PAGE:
Generally speaking, this ambition is successfully demonstrated in this book, yet in a way that remains rather "soft". Not in the sense that the concept of in-materiality proves only able to cover a tiny part of what is meant by digital culture, on the contrary: the topics and issues that are covered in Digital Material are important and wide-ranging, and strike a good balance between philosophical reflections -yet philosophy does not mean here disembodied conceptualism- and close-readings of sometimes very small phenomena. The book proposes excellent essays of, for instance, the status of the digital archive, the definition of new forms of indexicality, or the notion of audience participation, but it has no less attractive chapters on more miscropic themes such as specific discussion forums, innovations in e-learning environments, or music websites. If the overall impression of the book is however more "soft" than the editors would like to have it, this impression has more to do with the fact that the authors rely on a wide variety of secondary literature and theoretical framings to study each in their subfield the core issue of in-materiality. Some contributors are heavily influenced by psychoanalysis and authors like Zizek (who is of course not a psychoanalytical thinker in the traditional sense of the word). Others have a strong preference for remediation theories à la Bolter and Grusin or are involved in an in-depth rereading of Johan Huizinga. Still others privilege Goffman or Certeau, and so on. This is of course not a critique, for this diversity, which simply reflects the diversity of the new media fields in general, is the best warrant against uniformity of thinking. Yet the mere concept of in-materiality may seem a little weak or shallow to present the work of the group as fully homogeneous. Actually, after reading the book, one is more struck -and this again is not an unpleasant feeling- by the creative way in which most authors do something with the actor-network theory. Nevertheless, at a theoretical level the articulation of in-materiality and ANT remains a little underdeveloped. Corollarily, I think that the role of cultural media criticism as practised by Henry Jenkins might have been highlighted in a more explicit way. The focus on the "Utrecht concept" of in-materiality, however appealing it is, should not prevent the group to make more explicit its relationships to other approaches and theories. This is done in a wonderful way in the various texts on game theory, with very interesting rereadings of Huizinga (a must in a Dutch context, of course, but an author whose work deserves to be taken more seriously). But one misses at the end of the book a kind of global rethinking of all the theoretical threads that have been followed by authors who do not always share the same theoretical, critical, and historical framework. The essay by Mirko Tobias Schäfer, already excellent in itself, may be one of those that go a little further than others in gathering these threads, but it is still far from a "general theory" (provided the editors of this book wanted something like that, which is not sure).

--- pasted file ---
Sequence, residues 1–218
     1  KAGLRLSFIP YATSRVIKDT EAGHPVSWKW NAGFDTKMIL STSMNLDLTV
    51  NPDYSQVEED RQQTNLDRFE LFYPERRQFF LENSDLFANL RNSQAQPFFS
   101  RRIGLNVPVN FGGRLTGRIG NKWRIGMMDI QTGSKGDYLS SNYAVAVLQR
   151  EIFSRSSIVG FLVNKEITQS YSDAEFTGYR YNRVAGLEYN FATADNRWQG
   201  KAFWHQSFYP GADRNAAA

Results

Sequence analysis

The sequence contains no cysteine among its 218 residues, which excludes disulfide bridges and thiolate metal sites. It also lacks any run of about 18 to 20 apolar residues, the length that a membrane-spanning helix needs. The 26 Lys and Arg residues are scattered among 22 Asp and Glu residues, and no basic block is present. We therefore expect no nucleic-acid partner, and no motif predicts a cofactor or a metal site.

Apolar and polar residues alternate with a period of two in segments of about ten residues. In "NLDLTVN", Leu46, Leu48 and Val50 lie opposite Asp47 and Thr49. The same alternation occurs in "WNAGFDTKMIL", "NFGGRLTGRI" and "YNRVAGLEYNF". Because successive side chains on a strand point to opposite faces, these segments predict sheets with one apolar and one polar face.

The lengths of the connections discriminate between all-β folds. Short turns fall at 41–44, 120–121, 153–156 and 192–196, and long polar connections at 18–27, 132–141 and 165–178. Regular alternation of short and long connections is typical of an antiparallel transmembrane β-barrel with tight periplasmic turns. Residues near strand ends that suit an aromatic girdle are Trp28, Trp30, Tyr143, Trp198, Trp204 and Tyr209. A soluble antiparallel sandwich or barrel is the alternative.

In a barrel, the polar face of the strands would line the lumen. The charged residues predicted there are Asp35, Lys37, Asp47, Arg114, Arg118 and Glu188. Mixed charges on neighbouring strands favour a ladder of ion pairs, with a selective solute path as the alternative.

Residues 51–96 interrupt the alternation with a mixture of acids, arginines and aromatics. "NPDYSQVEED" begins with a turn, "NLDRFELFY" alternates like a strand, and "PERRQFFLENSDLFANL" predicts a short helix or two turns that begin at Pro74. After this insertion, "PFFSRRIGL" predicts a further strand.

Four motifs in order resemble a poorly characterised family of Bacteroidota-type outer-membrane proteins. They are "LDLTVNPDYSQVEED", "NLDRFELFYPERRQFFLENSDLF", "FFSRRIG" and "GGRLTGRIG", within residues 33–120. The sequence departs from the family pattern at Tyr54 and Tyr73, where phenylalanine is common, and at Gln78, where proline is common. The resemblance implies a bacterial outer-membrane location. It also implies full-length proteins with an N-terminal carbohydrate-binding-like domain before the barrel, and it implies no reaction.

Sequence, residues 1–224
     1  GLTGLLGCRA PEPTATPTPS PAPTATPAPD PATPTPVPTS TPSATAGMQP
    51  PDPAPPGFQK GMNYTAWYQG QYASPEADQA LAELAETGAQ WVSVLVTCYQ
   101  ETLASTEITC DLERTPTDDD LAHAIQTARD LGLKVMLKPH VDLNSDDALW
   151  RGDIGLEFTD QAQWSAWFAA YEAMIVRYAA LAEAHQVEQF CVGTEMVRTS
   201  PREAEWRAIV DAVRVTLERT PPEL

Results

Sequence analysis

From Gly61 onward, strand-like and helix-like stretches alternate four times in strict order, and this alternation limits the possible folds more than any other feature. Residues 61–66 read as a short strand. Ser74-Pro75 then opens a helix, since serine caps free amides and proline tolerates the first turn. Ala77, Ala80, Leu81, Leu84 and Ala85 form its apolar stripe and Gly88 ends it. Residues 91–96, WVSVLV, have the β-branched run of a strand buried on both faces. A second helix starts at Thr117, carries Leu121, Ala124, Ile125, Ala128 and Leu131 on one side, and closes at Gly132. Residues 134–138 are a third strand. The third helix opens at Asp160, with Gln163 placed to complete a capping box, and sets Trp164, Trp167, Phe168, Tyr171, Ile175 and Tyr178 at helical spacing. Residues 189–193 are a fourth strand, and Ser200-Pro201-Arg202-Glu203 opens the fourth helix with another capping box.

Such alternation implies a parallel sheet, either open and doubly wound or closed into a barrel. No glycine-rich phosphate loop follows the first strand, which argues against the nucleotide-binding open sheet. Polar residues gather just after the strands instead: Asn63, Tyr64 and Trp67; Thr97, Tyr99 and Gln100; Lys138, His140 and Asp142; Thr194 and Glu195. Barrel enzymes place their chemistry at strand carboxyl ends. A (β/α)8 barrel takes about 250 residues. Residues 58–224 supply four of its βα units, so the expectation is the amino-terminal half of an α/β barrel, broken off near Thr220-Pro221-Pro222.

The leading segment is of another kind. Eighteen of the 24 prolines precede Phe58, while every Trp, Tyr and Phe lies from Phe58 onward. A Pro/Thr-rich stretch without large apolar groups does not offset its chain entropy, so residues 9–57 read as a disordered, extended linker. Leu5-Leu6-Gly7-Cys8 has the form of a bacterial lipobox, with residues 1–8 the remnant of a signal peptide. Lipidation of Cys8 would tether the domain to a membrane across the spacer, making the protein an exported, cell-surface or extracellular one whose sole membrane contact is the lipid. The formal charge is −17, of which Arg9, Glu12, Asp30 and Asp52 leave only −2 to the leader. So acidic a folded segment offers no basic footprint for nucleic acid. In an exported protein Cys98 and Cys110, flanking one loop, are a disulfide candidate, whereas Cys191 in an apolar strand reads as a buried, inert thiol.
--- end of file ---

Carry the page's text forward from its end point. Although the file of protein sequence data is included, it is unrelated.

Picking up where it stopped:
The articles are gathered in five sections, respectively labelled "processor", "memory", "network", "screen", and "keyboard", and it is very positive to see that this structure is already an attempt of translating and instrumentalizing the general notion of in-materiality. Yet here as well, and personally I do not consider this a flaw of the book, the emphasis on social use and reuse, which exceeds always the division between the five basic categories, is very strong. New media theory remains in the very first place media theory, and theory should be in the very first place practice-based, hands-on theory. Digital Material manages very well to make these points very clear, and can therefore be considered a very welcome enrichment of the scholarship in the field.
As always, the status and level of the contributions is not the same, and some of the texts are not totally new. Some of them seem reworkings of other version, like the (excellent) essay by Jos de Mul, which contains throughout its paragraphs a list of references to figures that are not in the book (one guesses for copyright reasons, but the effect is a little strange in a well edited and carefully printed book).